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Video transcript

When Mark Miller first came to Community Living Toronto, he had a long list of things he hoped to accomplish. He wanted to learn how to take public transit so he could travel around the city. He wanted to find a job somewhere meaningful for him. And more than anything, he wanted to live independently in his own apartment. Through the person-directed planning process, Mark was not only able to identify his goals, but to access the right supports in order to achieve them.

“The person-directed planning process is extremely important to individuals with intellectual disabilities,” explains Kathy Simoes from Community Living Toronto. “A person-directed plan really helps us learn about the individual, about their dreams and about the supports that are needed for them to be successful in achieving those goals.”

For Mark, that meant being supported in several ways. First, Community Living Toronto provided him with transit training so he could learn how to take the bus, streetcar and subway, and also learn how to map out his route. Then, they found him a volunteer placement at The Big Carrot, a local organic retail store, where they provided him with coaching to help him learn the job. His volunteer placement went so well in fact, that The Big Carrot hired him as a cashier assistant. From there, Community Living Toronto helped Mark develop his living skills by providing training on things like home safety, cleaning, meal planning, cooking, budgeting and time management. It wasn’t long before Mark was ready to move in to his own apartment, and he’s proud to say he now lives independently.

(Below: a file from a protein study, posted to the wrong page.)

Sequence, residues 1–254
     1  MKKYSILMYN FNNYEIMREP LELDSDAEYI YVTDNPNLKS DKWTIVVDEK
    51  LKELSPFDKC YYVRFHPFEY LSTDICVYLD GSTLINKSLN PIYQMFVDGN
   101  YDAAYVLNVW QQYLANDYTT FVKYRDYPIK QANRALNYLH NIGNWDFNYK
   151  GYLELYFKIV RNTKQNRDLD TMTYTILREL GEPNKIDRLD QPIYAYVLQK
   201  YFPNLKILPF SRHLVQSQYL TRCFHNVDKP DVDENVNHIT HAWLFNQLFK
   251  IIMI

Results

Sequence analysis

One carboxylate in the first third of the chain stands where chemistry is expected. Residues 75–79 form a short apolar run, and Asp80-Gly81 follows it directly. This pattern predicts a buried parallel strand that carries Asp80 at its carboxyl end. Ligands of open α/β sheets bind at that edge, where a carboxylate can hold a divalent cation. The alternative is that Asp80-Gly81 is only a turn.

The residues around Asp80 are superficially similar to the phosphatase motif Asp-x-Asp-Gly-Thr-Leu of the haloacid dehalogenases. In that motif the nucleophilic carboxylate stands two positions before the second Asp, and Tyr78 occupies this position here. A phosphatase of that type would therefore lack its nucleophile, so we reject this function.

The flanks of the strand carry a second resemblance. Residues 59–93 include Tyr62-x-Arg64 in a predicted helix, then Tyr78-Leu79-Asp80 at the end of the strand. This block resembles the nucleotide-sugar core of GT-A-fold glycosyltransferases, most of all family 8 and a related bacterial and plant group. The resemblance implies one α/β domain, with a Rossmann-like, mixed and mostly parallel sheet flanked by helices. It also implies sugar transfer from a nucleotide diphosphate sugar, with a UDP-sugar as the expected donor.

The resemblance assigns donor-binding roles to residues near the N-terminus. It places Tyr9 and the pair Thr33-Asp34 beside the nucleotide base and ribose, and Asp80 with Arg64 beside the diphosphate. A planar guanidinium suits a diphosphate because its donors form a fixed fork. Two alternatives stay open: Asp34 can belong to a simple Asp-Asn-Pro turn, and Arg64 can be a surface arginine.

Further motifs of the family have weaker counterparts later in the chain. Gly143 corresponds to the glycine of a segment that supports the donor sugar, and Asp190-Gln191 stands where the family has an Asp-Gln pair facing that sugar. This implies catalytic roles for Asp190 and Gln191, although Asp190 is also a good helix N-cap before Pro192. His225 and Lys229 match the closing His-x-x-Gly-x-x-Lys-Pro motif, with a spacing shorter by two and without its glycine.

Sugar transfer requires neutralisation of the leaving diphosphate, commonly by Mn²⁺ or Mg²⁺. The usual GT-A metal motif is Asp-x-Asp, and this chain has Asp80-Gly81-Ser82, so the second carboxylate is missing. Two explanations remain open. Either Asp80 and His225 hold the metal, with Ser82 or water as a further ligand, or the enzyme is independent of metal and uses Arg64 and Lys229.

“I achieved living in a nice apartment,” says Mark. “And I really like living there because it’s a beautiful building. I have my very own space.”

Kathy says Mark was given the right tools and the right amount of time to help him develop, and because of that, has been able to achieve every single one of his goals. Thanks to the person-directed planning process, Mark is now flourishing. He wants to continue to participate in his community and outline new goals for himself and the steps required to get there.

“Having an active role in society is invaluable,” says Kathy. “So it’s just about making sure that we’re hearing the reasons and the goals and the choices that people have to help them plan for their futures.”